Health funders increasingly view primary care as the preferred setting for the majority of health care. To date, efforts to increase diagnostic capacity for cancer have been based on a secondary care-centred model. This can lead to longer access times, higher costs and greater risks of error and delay.
The research carried out and supported by the CanTest Collaborative aims to transform the primary care doctor’s office into a hub of diagnostic excellence. By establishing new and ongoing collaborations to identify and evaluate novel and alternative approaches to cancer detection, particularly for ‘difficult-to-diagnose’ cancers, we aim to influence policy and practice to improve cancer diagnosis and patient outcomes.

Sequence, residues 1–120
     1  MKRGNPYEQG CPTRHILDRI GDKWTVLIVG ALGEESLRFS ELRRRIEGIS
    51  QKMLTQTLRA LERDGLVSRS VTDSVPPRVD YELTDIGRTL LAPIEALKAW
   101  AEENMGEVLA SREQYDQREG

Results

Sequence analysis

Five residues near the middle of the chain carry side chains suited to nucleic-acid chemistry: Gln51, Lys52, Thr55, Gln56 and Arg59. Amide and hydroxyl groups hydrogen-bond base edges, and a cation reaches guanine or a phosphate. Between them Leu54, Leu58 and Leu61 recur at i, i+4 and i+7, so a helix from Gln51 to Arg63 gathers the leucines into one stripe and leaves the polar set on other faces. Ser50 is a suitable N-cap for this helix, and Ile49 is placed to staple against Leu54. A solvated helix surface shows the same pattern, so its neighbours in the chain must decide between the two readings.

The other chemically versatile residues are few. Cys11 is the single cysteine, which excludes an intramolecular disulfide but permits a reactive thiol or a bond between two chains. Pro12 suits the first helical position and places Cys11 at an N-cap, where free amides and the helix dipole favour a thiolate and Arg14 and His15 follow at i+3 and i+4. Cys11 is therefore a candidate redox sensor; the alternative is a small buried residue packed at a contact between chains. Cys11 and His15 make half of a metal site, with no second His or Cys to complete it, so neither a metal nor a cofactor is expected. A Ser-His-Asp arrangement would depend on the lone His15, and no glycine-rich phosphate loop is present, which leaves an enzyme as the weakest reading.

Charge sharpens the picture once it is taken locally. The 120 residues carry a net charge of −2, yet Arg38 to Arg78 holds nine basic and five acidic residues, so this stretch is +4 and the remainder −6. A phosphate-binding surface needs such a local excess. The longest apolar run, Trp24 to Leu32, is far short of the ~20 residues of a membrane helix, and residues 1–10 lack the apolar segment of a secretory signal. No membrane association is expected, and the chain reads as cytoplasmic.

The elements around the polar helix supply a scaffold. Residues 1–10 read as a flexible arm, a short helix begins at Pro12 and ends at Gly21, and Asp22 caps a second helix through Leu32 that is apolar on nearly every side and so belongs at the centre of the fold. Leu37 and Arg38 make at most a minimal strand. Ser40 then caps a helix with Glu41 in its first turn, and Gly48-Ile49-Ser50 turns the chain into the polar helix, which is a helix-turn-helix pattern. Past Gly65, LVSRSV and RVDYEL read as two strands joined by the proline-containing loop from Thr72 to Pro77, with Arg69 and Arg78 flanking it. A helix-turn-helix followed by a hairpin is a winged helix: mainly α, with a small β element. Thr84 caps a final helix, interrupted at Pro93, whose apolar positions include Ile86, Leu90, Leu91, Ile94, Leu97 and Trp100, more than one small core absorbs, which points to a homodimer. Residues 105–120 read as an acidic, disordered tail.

CanTest researchers will work closely with our Patient and Public Involvement (PPI) team to evaluate specific tests for cancer detection, gain international perspectives of test provision and usage, and assess patient acceptability and safety for use in primary care.
We are currently developing our research portfolio and details can be viewed on our projects page. Examples of likely early studies include:
- Multi-parametric magnetic resonance imaging (mpMRI) for prostate cancer diagnosis in primary care
- The role of low dose CT in the diagnosis of lung cancer in people presenting symptoms in primary care
- Investigating early diagnosis of gynaecological cancer, including use of biomarkers +/- trans-vaginal ultrasound
- Exploring patient and practitioner preferences towards diagnostic tests for cancer and the implied risk-benefit trade-offs
- Systematic review of dermoscopy modalities
- Patient & GP experiences of tests & behavioural components (e.g. with apps and community testing)
- Patients’ and clinicians’ use and experiences of point of care tests in primary care for the diagnosis of possible cancer